Taking the Lead: Interview with Inspector Lewis' Kevin Whately

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Robert Day/ITV Studios for MASTERPIECE

Kevin Whately as DI Robert "Robbie" Lewis

It was back in January 1987 that TV audiences were introduced to Detective Sergeant Robert “Robbie” Lewis, one half of the Oxford-based crime-fighting team in the long-running UK TV detective drama Inspector Morse. In his first case, "The Dead of Jericho," Lewis and his boss, the often irascible but always fair and dedicated Detective Inspector (later Chief Inspector) Morse, investigated the apparent suicide of a friend of Morse’s.

Despite being as different as chalk is from cheese, both detectives developed a quirky friendship of sorts over time and an intense loyalty for one another that lasted up to Morse’s tragic onscreen demise in the 2000 episode "The Remorseful Day," where his dying words were “Thank Lewis for me.”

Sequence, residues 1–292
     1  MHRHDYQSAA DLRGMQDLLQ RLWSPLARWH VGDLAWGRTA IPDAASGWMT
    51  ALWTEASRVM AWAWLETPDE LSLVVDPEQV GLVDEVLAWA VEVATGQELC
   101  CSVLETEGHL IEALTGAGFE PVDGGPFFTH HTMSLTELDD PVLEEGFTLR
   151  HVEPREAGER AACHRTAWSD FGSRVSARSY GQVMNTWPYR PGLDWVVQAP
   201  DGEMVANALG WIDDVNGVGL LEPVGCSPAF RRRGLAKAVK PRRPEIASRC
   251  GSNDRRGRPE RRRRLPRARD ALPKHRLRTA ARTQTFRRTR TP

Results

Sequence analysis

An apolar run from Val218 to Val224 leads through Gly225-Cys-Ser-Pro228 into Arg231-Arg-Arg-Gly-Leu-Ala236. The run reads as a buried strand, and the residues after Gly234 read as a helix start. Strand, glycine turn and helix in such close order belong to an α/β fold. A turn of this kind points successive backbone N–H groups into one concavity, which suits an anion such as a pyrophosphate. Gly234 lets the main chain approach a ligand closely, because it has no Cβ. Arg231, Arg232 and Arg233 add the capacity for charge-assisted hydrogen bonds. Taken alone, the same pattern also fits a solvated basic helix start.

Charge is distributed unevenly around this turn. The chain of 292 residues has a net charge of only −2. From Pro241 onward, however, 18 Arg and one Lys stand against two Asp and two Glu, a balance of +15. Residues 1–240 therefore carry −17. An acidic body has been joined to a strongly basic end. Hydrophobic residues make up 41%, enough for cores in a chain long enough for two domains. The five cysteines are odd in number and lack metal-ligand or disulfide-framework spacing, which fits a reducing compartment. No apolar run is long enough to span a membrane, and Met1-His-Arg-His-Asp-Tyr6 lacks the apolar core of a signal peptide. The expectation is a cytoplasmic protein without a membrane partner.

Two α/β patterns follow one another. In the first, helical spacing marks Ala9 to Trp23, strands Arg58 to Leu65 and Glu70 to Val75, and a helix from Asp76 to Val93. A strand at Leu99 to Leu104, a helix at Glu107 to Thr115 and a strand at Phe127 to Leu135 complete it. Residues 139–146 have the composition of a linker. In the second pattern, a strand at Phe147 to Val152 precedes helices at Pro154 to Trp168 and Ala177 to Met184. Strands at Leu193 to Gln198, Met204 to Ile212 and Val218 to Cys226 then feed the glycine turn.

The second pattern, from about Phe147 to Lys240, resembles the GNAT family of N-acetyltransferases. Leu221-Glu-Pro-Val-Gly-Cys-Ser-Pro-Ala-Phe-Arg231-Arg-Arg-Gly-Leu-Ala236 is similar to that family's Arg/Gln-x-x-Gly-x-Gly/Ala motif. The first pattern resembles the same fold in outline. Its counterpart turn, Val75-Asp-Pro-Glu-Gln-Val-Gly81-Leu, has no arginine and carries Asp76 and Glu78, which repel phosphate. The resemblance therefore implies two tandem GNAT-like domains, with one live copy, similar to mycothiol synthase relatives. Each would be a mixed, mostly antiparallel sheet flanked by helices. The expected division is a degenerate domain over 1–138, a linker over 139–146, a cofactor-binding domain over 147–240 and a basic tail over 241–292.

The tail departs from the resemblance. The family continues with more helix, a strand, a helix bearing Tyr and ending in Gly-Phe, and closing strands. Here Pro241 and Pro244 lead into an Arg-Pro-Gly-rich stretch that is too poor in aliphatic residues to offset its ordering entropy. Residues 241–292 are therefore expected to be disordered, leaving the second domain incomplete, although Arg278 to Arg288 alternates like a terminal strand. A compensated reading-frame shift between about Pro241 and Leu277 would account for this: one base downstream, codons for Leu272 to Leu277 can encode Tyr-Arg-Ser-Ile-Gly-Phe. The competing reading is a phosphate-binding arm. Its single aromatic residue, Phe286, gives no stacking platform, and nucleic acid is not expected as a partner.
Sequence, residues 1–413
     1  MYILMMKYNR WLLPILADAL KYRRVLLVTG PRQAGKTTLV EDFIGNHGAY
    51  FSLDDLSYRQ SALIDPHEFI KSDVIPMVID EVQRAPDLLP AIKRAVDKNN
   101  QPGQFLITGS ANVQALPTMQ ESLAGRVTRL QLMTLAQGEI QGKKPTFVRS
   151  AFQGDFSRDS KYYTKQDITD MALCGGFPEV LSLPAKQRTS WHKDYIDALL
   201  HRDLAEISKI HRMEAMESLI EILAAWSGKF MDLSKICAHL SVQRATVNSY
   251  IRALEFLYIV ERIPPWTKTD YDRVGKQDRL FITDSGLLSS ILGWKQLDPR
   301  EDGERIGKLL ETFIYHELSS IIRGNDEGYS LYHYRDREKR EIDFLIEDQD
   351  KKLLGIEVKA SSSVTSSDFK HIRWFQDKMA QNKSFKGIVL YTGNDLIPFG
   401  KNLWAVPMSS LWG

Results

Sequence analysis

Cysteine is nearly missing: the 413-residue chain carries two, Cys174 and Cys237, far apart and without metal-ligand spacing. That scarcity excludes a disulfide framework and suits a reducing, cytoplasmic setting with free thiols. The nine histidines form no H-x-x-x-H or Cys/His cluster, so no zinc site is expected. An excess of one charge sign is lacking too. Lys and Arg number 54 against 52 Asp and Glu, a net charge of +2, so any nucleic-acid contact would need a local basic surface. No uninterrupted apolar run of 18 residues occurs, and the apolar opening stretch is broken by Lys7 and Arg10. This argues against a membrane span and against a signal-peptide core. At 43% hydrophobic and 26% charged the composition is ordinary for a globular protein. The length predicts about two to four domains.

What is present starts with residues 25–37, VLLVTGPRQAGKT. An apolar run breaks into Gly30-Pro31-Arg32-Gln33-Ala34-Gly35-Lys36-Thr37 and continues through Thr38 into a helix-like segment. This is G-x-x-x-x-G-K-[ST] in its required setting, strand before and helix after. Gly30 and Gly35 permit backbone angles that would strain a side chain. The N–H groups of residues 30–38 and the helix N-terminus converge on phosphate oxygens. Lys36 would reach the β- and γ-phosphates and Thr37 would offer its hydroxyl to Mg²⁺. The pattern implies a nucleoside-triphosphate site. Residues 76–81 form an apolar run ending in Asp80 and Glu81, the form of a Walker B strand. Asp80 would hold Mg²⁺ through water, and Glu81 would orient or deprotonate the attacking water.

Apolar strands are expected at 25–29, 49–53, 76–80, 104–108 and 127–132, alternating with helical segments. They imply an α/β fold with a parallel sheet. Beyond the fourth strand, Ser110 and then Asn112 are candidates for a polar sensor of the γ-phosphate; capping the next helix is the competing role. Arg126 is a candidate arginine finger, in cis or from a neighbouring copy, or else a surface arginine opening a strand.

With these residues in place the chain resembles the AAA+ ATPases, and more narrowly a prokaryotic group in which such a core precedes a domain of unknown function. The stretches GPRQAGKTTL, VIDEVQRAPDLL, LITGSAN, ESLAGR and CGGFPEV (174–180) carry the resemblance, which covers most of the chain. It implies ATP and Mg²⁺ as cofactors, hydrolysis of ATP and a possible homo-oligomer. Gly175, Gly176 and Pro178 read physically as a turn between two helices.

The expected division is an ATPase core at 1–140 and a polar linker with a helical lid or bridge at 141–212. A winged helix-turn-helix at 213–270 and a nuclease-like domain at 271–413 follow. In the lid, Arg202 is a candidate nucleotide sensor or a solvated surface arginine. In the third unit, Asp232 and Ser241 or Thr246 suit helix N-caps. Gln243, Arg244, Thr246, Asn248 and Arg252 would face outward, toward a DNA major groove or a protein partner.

With nearly three dozen cases under his belt, DS Lewis eventually struck out on his own almost 20 years later in the self-titled Morse spin-off Inspector Lewis. Newly-widowed and promoted to the rank of detective inspector, he carried on investigating complex murder cases in and around Oxford with the help of DS James Hathaway. What were some of the initial challenges that actor Kevin Whately, who plays Lewis, faced when stepping into the lead role on his own series?

“Fortunately, most of the crew on Lewis had worked on Morse, so from a productions standpoint it wasn’t that different,” says Whately. “I think the main thing for me was that in Morse I could be quite indulgent and laid back, but when you’re the central character in a story you have to drive that story. I was always very aware that that’s what John Thaw [Morse] did, particularly vocally. John had an absolutely fantastic cutting voice, which I’ve never had, and that always worried me. So for me with Lewis, it was largely an issue of energy as well as pace. 

“Something I found much more challenging was the fact that in Morse, my character had been quite down-to-Earth, happy-go-lucky, and easygoing. With Lewis, I think they [the producers] wanted him to be a bit more like Morse, more of a curmudgeon and a grumpy old guy. That was sometimes tricky for me to match with my memories of Lewis.”